Further, Muhammad Akmal, 25, who hails from Melaka praised the mobilegraphers work and urged the government to provide some allowance for their skills.

"They are doing a job, we can also call them a street photographer who helps people capture their memorable moments in here.

"The price range is okay for me; as I said, it's like a job for them, they too have commitments.

"They work hard by standing all day under the scorching sun and rainy weather," he said.

Speaking to a tourist from Lebanon who only wants to be known as Dominic, said he was satisfied with the pictures he received, which came with three photos at a discounted price.

"They are good at their jobs, they took good pictures of us.

"The price range is not bad, they were reasonable. We requested that they take a picture of us, and we are happy with the outcome," he said.

However, Maximilian Stockner from Austria finds the number of mobilegraphers at Twin Tower to be too many.

"We have the same problem in Europe, Rome and Italy where there are too many photographers.

"The sales are a little bit too aggressive." They don't go away when we say no, there are 20 or more mobilegraphers, which are too much.

"Today everyone has a good smartphone, you can snap 10 pictures and choose the best one for you. If you like their (mobilegrapher) services, you can pay for it," he said.

Mobilegraphers say they are Malaysians, making a legit income

Twenty-five-year-old Iskandar from Sabah was dissatisfied with the misinformation of mobilegraphers, especially on social media.

He stressed that 'forcing someone' was never their way to offer the photography service.

"We as mobilegraphers never forced our customers, we took their pictures and made sure they were happy with the outcome.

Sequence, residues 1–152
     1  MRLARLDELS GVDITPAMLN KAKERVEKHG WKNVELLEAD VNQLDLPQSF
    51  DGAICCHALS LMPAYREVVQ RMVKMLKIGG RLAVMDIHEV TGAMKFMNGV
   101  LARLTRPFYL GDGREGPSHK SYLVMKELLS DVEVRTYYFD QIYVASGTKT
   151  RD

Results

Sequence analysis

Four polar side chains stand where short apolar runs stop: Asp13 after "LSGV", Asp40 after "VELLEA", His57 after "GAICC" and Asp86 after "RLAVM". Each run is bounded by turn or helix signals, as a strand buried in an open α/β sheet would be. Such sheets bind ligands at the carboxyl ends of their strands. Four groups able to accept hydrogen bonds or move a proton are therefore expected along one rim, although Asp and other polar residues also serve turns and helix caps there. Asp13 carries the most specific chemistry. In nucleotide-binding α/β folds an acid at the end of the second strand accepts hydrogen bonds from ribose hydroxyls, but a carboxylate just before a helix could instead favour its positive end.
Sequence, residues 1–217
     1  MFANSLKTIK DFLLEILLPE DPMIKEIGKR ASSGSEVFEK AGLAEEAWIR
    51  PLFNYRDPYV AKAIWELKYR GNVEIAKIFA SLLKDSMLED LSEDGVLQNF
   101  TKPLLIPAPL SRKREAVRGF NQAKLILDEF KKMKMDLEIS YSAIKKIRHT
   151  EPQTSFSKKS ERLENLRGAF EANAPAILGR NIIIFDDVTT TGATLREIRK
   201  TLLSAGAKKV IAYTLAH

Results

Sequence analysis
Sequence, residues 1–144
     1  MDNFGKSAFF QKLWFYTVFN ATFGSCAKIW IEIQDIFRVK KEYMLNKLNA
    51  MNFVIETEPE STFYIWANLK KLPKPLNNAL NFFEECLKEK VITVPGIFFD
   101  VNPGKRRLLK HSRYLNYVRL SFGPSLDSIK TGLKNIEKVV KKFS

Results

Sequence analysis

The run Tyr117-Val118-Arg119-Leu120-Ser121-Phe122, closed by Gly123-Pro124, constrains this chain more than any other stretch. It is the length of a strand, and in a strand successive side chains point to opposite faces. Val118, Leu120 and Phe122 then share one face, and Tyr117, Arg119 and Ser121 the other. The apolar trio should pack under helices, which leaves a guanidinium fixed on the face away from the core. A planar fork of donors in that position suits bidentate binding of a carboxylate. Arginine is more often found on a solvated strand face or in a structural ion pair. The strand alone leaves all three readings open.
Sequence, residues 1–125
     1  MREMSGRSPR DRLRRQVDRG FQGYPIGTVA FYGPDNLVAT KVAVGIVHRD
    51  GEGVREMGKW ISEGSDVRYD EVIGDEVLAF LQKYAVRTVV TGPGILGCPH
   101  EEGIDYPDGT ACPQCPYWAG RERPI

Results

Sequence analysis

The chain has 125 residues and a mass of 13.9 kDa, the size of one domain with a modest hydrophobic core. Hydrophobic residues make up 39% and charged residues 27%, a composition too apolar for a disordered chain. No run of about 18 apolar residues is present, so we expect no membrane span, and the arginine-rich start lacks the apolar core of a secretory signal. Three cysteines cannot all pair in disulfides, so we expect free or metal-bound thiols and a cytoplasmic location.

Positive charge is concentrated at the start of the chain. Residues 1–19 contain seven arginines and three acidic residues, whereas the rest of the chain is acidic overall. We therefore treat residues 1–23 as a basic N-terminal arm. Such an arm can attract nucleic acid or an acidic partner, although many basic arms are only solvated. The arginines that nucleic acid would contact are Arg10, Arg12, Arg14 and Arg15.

"Tourists come to take good pictures here and we have successfully rendered our services. We have been attracting a lot of customers," he said.

Asked about the fee charged for their service, Iskandar said the price depends on the service and quality of the gadjets used.

"At night, usually, the prices are different since we have to take good pictures while managing the huge crowd, and at the same time, we have to also provide good lighting. Our charges include all these services.

"Not everyone can afford an iPhone; we have bought expensive phones for our business so we can provide good-quality pictures to our customers," he said.

He also ridiculed allegations that the mobilegraphers were largely foreigners, showing his Malaysian identification card (IC).

Meanwhile, another mobilegrapher who only wanted to be known as Zul said they always offered reasonable prices with great offers.

"We charge different prices according to the weather, but if the customer needs many photos, we offer the best price in the town.

"We use a variety of phones, including Huawei, the iPhone 12, the iPhone 13, and the iPhone 14 Pro Max.Different prices for different qualities.

"If customers don't like taking pictures, we don't force them, we try to offer them a cheap price. If they still refuse, we don't disturb them," he said.